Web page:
Keep up on the lastest Title IX news!

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    Keep Girls Active!

    With no immediate intervention, one in three American children born in 2000 will contract Type II Diabetes and currently one in six girls today is obese or overweight.

    The top five ways to motivate a girl and keep her active:

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    The 10-point play - how you can help women's sports!

    Be a leader! National Girls and Women in Sports Day is a great time to practice your leadership skills. Have your team or class commit to doing one action a day for 10 consecutive days to change the world for sports girls following in their footsteps! Why 10? Because if a girl does not play sports by the time she is 10 years old,there 's less than a 10% chance she'll be playing when she's 25.

    1. Buy a basketball, glove, soccer ball or other sport gift for your favorite sports girl - send her the message that you think she can play sports.

    2. Take your friends and family to a women's sports event: high school, college, or professional sports.

    3. Watch a women's sports program on television and call the station to thank them for carrying women's sports (so they'll continue to air women's sports programs).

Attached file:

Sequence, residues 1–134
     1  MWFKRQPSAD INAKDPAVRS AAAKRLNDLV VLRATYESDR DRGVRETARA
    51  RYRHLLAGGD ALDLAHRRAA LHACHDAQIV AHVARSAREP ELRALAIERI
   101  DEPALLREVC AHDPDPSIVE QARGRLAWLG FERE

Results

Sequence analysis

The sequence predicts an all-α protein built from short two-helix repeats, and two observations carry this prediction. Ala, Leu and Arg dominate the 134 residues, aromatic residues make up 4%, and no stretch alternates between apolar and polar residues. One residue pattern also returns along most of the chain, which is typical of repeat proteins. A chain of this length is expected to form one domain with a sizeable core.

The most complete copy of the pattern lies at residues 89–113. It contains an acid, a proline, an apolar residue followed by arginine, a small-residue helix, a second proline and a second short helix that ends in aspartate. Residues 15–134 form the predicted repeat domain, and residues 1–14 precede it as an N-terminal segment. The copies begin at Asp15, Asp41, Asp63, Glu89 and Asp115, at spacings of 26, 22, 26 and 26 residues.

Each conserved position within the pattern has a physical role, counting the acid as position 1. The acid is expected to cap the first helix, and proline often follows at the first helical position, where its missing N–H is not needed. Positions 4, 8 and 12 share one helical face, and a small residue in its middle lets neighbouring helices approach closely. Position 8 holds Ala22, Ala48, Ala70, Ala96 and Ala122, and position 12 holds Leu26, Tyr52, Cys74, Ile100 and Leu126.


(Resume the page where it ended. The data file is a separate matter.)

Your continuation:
4. Write a letter to your local newspaper editor either asking them for fairer coverage of women's sports or thanking them for great coverage.

    5. Buy women's collegiate and professional sports merchandise like T-shirts and hats. It 's an important way to advance the economic success of your favorite team.

    6. Take someone who has never attended a women's sports event to a high school, college, or professional women's sports game. Introduce others to the excitement of women's sports. Help grow the fan base!

    7. Visit your local sports retail store. If they are not carrying licensed merchandise for your favorite women's sports team (college, WNBA, WUSA, etc.), write to the manager to tell him or her you want to purchase this product and you would appreciate it if they would carry it. If they are carrying the product, thank them for doing so.

    8. Write to sponsors of women's sports to tell them how much you appreciate their support of women's sports.

    9. Conduct a sports clinic for local elementary school girls. Tell each girl why it 's so important for them to play sports and how much fun it is.

    10. Grade your school on whether it is treating male and female athletes equally. Write a letter to the principal either asking for change or applauding the school's commitment to girls' sports.

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    Sports Experience Contributes to Business Success